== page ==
17. Sep 12, 2016 #16

    jtbell

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    I became reacquainted with TOS when one of the "local" over-the-air stations showed the newly-restored version late at night about ten years ago. A drawback of these showings was that they had to cut a few minutes from each episode in order to make room for the increased number of commercials that TV stations in the US now run, compared to the late 1960s. For the full experience you have to turn to the disc versions (Blu-ray or DVD) or online. Those broadcasts did look a lot better than my faded memories of the originals, and induced me to splurge on the Blu-rays when they came out.

    Paramount then followed with similar treatment for Star Trek: The Next Generation which I never watched during its initial run 1987-94, for some reason. This time I recorded all the episodes off the air, then bought the Blu-rays.
     
  18. Sep 12, 2016 #17

    OCR

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    Dave, I'm not a "radio guy" like you are, so I'm basically ignorant about that realm...
    What are your Free to air channels, and what is the equipment needed to receive them ?

    I looked here, and here ... but, as I said, I'm ignorant ... :blushing:
     
  19. Sep 12, 2016 #18

    davenn

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    I have enjoyed all the various Star Trek variations TOS, Next Gen, the movies etc
    and yes, whilst there have been a few "dud" in there, overall the quality has been good

    These days, yes, we can look back on TOS and say ... wow some of those were real cheesy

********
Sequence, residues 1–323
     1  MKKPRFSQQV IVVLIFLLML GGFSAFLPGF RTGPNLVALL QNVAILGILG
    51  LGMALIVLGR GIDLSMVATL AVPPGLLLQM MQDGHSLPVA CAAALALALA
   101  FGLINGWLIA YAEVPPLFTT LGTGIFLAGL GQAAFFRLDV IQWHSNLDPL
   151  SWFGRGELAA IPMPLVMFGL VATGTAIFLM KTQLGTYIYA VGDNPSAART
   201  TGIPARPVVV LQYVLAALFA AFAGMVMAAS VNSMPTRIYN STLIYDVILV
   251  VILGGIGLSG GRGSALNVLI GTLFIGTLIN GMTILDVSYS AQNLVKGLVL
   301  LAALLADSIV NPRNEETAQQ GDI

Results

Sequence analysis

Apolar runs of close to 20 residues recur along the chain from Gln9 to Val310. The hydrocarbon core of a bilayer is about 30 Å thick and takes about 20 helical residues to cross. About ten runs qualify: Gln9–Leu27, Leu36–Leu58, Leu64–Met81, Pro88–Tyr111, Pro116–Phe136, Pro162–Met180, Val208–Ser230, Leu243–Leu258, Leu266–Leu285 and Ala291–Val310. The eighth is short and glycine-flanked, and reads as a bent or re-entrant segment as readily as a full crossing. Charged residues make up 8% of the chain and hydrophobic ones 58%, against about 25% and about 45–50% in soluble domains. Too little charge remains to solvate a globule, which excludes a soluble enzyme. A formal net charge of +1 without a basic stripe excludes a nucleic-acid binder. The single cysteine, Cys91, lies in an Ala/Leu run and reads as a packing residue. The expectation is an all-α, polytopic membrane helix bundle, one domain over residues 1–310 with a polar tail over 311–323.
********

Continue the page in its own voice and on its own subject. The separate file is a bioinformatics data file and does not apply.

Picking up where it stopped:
back then they were 'Just the Bees knees" :smile:


    Dave
     
  20. Sep 12, 2016 #19

    davenn

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    just a standard TV set and an antenna (an inside or outside one depending on how close to the transmitter you are)

    Not too many years ago, "free to air" wasn't totally free as everyone used to have to buy a TV licence ( it was a significant source for funding for the various TV channel operators). That was abolished and now ALL their funding comes from advertising and as a result we have the problem that @jtbell commented on ....
    much more advertising is crammed into every hour and programs are edited to fit

    Pay TV here primarily Foxtel, Telstra and Optus and a few other minors that usually piggyback on one of the major carriers anyway
    Pay TV is either via cable or satellite ... I don't subscribe to either ... just too expensive


    Dave
     
    Last edited: Sep 12, 2016
  21. Sep 12, 2016 #20

    OCR

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    Thanks, Dave... :ok: